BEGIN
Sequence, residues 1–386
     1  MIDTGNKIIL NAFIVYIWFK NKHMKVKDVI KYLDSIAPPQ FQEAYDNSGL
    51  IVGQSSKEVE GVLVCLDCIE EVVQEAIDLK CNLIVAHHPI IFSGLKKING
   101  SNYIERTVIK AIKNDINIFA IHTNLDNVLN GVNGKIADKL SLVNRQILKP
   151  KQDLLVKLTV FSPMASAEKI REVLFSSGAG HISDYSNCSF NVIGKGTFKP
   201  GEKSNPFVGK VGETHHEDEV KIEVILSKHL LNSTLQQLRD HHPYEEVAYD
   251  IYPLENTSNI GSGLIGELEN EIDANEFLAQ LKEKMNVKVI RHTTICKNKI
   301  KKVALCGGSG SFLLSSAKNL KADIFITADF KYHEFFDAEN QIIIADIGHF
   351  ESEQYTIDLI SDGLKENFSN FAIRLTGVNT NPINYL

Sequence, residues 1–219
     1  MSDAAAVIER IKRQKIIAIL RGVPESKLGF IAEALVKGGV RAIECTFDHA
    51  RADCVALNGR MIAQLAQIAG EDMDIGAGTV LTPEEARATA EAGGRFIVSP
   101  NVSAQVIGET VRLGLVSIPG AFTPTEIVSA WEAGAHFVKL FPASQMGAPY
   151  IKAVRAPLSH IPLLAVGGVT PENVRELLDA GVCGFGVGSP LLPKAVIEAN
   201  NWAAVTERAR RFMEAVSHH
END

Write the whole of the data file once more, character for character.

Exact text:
Sequence, residues 1–386
     1  MIDTGNKIIL NAFIVYIWFK NKHMKVKDVI KYLDSIAPPQ FQEAYDNSGL
    51  IVGQSSKEVE GVLVCLDCIE EVVQEAIDLK CNLIVAHHPI IFSGLKKING
   101  SNYIERTVIK AIKNDINIFA IHTNLDNVLN GVNGKIADKL SLVNRQILKP
   151  KQDLLVKLTV FSPMASAEKI REVLFSSGAG HISDYSNCSF NVIGKGTFKP
   201  GEKSNPFVGK VGETHHEDEV KIEVILSKHL LNSTLQQLRD HHPYEEVAYD
   251  IYPLENTSNI GSGLIGELEN EIDANEFLAQ LKEKMNVKVI RHTTICKNKI
   301  KKVALCGGSG SFLLSSAKNL KADIFITADF KYHEFFDAEN QIIIADIGHF
   351  ESEQYTIDLI SDGLKENFSN FAIRLTGVNT NPINYL

Sequence, residues 1–219
     1  MSDAAAVIER IKRQKIIAIL RGVPESKLGF IAEALVKGGV RAIECTFDHA
    51  RADCVALNGR MIAQLAQIAG EDMDIGAGTV LTPEEARATA EAGGRFIVSP
   101  NVSAQVIGET VRLGLVSIPG AFTPTEIVSA WEAGAHFVKL FPASQMGAPY
   151  IKAVRAPLSH IPLLAVGGVT PENVRELLDA GVCGFGVGSP LLPKAVIEAN
   201  NWAAVTERAR RFMEAVSHH